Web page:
Chico, CA -- Butte County Superior Court issued a strongly worded ruling Thursday, affirming the right of medical marijuana patients to cultivate collectively. In no uncertain terms, Superior Court Judge Barbara Roberts ruled that seriously ill patients cultivating collectively "should not be required to risk criminal penalties and the stress and expense of a criminal trial in order to assert their rights. " Judge Roberts' ruling also rejected Butte County's policy of requiring all members to physically participate in the cultivation, thereby allowing collective members to "contribute financially."
In May 2006, Americans for Safe Access (ASA), the nation's largest medical marijuana advocacy organization, filed a group lawsuit on behalf of a 7-person private patient collective, seeking declaratory and injunctive relief, as well as damages and attorneys fees. After a September 2005 warrantless search of his home in Paradise, California, by the Butte County Sheriff's Department, cultivator David Williams was forced to uproot and destroy more than two dozen plants or face arrest and prosecution. "We were told that it was not lawful to grow collectively for multiple patients," said 54-year old patient and collective member David Williams of the 2005 incident.
Thursday's Superior Court decision overruled a demurrer, filed by the County of Butte in an effort to dismiss the case. Judge Roberts found that "the destruction of plaintiffs' property was improper" if, in fact, the collective was valid under state law. "The next step," according to ASA Chief Counsel Joe Elford, "is to show that Williams was running a valid collective. At that point, the court is expected to make a final determination consistent with yesterday's ruling, which strongly vindicates the right of medical marijuana patients to associate together to grow the medicine they need."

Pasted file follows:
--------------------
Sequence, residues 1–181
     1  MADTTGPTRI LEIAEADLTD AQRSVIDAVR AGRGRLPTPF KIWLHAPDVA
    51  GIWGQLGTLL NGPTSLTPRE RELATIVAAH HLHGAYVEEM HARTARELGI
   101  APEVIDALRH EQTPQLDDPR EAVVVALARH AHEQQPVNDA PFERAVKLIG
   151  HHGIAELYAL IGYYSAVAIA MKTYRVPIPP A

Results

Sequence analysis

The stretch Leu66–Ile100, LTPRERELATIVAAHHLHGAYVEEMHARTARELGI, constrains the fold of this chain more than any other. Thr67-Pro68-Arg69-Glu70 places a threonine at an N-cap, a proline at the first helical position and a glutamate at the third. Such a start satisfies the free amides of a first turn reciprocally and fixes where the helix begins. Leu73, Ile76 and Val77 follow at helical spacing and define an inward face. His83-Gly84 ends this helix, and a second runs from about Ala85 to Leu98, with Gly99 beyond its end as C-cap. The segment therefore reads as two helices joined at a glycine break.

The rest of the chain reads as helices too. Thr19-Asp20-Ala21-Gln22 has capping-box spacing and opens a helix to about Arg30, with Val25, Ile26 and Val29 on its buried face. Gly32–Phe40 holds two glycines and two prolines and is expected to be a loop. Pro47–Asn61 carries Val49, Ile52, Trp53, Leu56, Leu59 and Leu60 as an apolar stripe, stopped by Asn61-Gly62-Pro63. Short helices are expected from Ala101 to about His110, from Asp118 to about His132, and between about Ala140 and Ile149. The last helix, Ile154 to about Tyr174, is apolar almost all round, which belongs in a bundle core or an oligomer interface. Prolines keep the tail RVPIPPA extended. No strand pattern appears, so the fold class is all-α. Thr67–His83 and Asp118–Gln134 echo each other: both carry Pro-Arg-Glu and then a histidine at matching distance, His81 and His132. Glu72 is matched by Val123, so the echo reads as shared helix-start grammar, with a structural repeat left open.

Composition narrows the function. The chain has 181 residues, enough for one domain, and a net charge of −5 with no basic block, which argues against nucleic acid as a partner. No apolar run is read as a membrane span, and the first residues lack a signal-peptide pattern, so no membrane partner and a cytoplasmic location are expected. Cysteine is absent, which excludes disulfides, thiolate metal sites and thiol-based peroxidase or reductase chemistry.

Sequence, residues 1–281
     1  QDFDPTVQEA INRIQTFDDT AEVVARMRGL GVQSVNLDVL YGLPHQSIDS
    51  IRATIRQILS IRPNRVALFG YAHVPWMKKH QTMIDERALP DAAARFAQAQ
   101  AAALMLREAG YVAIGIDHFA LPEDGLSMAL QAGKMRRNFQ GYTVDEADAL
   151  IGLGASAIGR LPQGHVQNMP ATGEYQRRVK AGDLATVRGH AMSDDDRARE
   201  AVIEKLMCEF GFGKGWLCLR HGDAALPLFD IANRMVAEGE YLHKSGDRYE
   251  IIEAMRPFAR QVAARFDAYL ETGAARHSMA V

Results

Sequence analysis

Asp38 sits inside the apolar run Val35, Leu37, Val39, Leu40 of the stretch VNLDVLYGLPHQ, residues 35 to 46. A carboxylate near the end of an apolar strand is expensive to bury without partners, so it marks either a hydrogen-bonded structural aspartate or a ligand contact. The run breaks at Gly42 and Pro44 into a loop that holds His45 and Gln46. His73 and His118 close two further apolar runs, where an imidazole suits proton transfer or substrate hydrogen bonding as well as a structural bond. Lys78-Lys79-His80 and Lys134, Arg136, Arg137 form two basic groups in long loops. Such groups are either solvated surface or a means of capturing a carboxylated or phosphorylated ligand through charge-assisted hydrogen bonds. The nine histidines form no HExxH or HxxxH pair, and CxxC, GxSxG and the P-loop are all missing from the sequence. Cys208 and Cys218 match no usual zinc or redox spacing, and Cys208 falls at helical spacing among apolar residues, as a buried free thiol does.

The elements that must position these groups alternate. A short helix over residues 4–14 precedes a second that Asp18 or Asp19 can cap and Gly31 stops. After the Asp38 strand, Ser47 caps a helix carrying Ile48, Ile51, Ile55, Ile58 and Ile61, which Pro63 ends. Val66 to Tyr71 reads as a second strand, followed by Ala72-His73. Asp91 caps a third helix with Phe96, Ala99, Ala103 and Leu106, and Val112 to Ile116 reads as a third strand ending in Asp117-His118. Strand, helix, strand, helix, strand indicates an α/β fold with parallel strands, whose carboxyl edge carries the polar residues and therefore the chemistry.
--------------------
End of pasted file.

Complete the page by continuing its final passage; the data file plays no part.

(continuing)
ASA was compelled to file the Williams lawsuit after receiving repeated reports of unlawful behavior by Butte County law enforcement, as well as by other police agencies throughout the state. After uncovering Butte County's de facto ban on medical marijuana patient collectives, ASA decided to pursue the case to show that collectives and cooperatives are protected under state law. "The ruling not only affirms ASA's position that civil court is an 'appropriate forum to address the issues of medical patients' rights,'" said Elford. "It also sends a clear message to local law enforcement in California that they must respect the rights of patients to cultivate collectively."
For more information:
Butte County Superior Court ruling from September 6, 2007
ASA's lawsuit challenging Butte County's ban on collective cultivation